Eating raw or undercooked slugs, snails, and other critters – or even poorly prepared vegetables – can get you infected with rat lungworm, a parasite that’s as disgusting and dangerous as it sounds.
At 19 years old, Sam Ballard had a promising future. A student at Barker College in Australia, Sam showed athletic prowess as a rugby player.
Unfortunately, whatever bright future awaited him came to a grinding halt the moment he decided to give in to peer pressure. After a bit of wine and a healthy amount of teasing from his friends, Sam swallowed a slug at a party, perhaps thinking that it was all in the name of good, harmless fun.
Unbeknownst to him, the tiny gastropod was carrying a microscopic parasite — one that would infect his brain, paralyze him from the neck down, send him into a 420-day coma, and eventually cause his demise, eight years later.
Ratting out rat lungworm
Sam had contracted a disease called eosinophilic meningoencephalitis (EM) from the parasite, known as Angiostrongylus cantonensis or rat lungworm.
According to the Centers for Disease Control and Prevention (CDC), infection occurs through the consumption of raw or undercooked snails and slugs carrying the parasite. One may also be unknowingly infected by eating produce (such as lettuce) with infected snails and slugs. Gastropods aren’t the only possible carriers of this parasite, though. You may also get infected by consuming insects, freshwater shrimp, frogs, or crabs carrying the parasite (though more research is required to confirm the latter examples).
Rat lungworms live inside the pulmonary blood vessels in rats’ lungs. The worms exit the rats’ bodies through their feces, which may then infect other small creatures.
Upon entering the human body, the worms travel to the central nervous system, inflamming the meninges (the tri-layer protective membrane around your brain and spinal cord). This causes high levels of eosinophils, a type of disease-fighting white blood cell, in your cerbrospinal fluid. Unfortunately, there is no blood test for this, which means doctors must rely on careful deduction to correctly diagnose EM. EM’s symptoms include headache, neck pain, visual disturbances, and increased sensitivity in any of your senses (hyperesthesias).
Another lungworm-causing parasite, Angiostrongylus costaricensis, travels to the gut. The pain it causes is comparable to appendicitis. Thus, some doctors misdiagnose it, removing the appendix before correctly identifying the culprit. If left in the body, the worms may get stuck in capillaries and cause internal bleeding.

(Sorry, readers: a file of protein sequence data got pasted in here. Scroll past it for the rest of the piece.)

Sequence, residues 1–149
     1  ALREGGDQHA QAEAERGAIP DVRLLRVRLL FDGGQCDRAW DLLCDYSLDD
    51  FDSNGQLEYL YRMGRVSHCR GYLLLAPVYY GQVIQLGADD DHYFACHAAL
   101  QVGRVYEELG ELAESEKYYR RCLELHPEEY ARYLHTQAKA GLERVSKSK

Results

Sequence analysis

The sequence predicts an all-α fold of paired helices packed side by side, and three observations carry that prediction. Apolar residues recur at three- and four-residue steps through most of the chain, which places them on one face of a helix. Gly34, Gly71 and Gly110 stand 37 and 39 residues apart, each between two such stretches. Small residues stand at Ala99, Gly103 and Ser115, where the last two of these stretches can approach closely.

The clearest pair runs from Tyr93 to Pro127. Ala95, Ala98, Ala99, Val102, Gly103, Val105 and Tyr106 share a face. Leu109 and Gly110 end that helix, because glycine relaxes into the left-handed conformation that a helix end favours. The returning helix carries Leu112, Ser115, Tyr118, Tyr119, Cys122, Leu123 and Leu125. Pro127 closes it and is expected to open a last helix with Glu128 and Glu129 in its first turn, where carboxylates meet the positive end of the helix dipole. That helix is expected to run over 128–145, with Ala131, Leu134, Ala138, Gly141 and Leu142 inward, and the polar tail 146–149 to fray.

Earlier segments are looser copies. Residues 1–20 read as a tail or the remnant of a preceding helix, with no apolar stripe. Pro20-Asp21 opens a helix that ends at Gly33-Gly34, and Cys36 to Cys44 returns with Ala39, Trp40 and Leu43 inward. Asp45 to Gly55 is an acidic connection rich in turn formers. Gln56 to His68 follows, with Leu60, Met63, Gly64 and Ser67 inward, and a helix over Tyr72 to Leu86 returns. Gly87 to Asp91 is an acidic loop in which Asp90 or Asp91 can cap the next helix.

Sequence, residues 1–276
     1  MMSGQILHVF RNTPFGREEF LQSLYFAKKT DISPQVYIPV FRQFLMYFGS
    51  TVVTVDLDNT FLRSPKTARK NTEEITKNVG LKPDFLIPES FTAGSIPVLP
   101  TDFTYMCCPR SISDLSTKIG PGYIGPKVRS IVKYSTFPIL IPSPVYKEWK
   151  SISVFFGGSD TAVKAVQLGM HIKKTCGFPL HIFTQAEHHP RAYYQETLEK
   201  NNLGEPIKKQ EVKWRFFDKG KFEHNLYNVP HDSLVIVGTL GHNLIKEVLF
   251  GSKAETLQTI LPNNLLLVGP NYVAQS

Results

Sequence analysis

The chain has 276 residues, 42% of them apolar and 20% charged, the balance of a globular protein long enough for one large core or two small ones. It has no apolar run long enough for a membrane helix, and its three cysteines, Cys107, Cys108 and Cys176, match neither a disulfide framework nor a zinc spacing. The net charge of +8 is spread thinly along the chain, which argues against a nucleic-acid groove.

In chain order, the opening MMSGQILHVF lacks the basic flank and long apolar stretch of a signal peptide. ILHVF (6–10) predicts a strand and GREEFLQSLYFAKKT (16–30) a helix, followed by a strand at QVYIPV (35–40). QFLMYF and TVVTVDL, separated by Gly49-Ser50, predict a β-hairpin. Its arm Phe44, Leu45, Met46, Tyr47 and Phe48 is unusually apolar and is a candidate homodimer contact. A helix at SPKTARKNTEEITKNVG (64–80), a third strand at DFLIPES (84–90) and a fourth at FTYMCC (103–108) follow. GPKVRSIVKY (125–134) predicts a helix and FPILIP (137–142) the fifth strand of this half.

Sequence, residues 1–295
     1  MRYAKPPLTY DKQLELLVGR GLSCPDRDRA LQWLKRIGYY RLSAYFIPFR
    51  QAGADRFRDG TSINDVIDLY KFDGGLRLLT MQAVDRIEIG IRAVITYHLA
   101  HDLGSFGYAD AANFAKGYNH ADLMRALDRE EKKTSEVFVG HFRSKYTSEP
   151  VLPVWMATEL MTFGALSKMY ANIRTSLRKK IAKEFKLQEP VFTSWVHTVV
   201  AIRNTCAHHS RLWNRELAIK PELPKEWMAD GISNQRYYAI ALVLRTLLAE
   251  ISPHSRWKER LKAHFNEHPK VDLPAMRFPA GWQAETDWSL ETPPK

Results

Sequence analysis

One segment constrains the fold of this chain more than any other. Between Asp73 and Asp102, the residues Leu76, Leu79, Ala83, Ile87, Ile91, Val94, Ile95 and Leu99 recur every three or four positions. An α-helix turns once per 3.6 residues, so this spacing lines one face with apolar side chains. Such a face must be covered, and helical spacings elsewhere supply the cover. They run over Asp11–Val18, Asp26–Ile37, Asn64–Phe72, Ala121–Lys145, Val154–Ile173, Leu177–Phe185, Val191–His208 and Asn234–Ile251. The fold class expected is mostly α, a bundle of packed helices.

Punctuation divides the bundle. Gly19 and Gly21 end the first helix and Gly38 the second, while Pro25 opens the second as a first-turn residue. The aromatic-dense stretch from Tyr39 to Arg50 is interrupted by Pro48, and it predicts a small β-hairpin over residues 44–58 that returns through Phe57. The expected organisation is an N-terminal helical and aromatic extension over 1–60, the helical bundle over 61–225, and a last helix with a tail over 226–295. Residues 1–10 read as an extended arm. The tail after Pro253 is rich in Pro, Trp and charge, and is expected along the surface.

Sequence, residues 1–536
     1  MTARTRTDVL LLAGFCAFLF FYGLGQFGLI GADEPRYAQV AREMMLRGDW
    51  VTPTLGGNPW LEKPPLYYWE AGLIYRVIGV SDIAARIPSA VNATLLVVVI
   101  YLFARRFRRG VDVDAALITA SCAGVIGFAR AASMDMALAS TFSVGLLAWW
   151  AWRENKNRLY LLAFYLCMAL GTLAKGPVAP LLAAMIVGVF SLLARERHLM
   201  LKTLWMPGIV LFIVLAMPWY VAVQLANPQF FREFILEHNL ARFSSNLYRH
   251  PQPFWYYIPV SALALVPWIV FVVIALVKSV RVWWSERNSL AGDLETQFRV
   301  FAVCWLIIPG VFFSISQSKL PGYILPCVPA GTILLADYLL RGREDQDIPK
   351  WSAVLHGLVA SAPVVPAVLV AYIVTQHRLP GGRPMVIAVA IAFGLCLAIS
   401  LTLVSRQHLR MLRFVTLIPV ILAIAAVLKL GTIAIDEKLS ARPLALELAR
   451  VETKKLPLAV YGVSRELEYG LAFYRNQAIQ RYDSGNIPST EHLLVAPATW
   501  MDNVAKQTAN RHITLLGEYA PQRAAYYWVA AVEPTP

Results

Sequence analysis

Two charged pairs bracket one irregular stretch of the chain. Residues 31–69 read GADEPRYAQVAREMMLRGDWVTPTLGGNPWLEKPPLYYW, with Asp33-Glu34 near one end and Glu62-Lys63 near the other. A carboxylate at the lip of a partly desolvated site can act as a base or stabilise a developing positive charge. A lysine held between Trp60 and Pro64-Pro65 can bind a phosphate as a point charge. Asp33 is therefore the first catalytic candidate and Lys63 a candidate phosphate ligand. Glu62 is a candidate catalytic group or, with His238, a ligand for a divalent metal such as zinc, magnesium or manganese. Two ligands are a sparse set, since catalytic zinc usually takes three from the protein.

Scientists call unlucky humans who ingest rat lungworms “incidental hosts.” In other words, the worms aren’t actively trying to harm them, and are merely trying to survive within them. (Of course, that doesn’t really make this predicament any better.)
Worming its way across the world
While rat lungworm is relatively uncommon, Sam is far from being the only reported case in recent years.
Some cultures include snails, slugs, and other exotic species in their diet. In 2012, a mother and son in Guangzhou, China contracted rat lungworm after consuming raw centipedes.
Furthermore, a 2014 study reported that specimens of giant African land snail (Achatina fulica) from Davao City tested positive for A. cantonensis. The Japanese brought the snail to the region many years ago as an alternative food source.
Another study, conducted in 2016, examined A. cantonensis infection among rats and snails from Muñoz in Nueva Ecija. Researchers found that nearly a third of the rats sampled had A. cantonensis, indicating a potential health risk in the region.
The first recorded human case of rat lungworm was from Taiwan in 1944. Since then, rat lungworm has spread from Asia and the Caribbean to other parts of the world. Scientists are investigating the possibility that continuous severe climate change and environmental damage may affect the spread of rat lungworm and similar diseases.
Meanwhile, the CDC warns the public against consuming unwashed, raw, or undercooked produce and exotic species. Also, warn your younger family members against eating any creepy-crawlies, whether on a dare or otherwise.
Author: Mikael Angelo Francisco
Bitten by the science writing bug, Mikael has years of writing and editorial experience under his belt. As the editor-in-chief of FlipScience, Mikael has sworn to help make science more fun and interesting for geeky readers and casual audiences alike.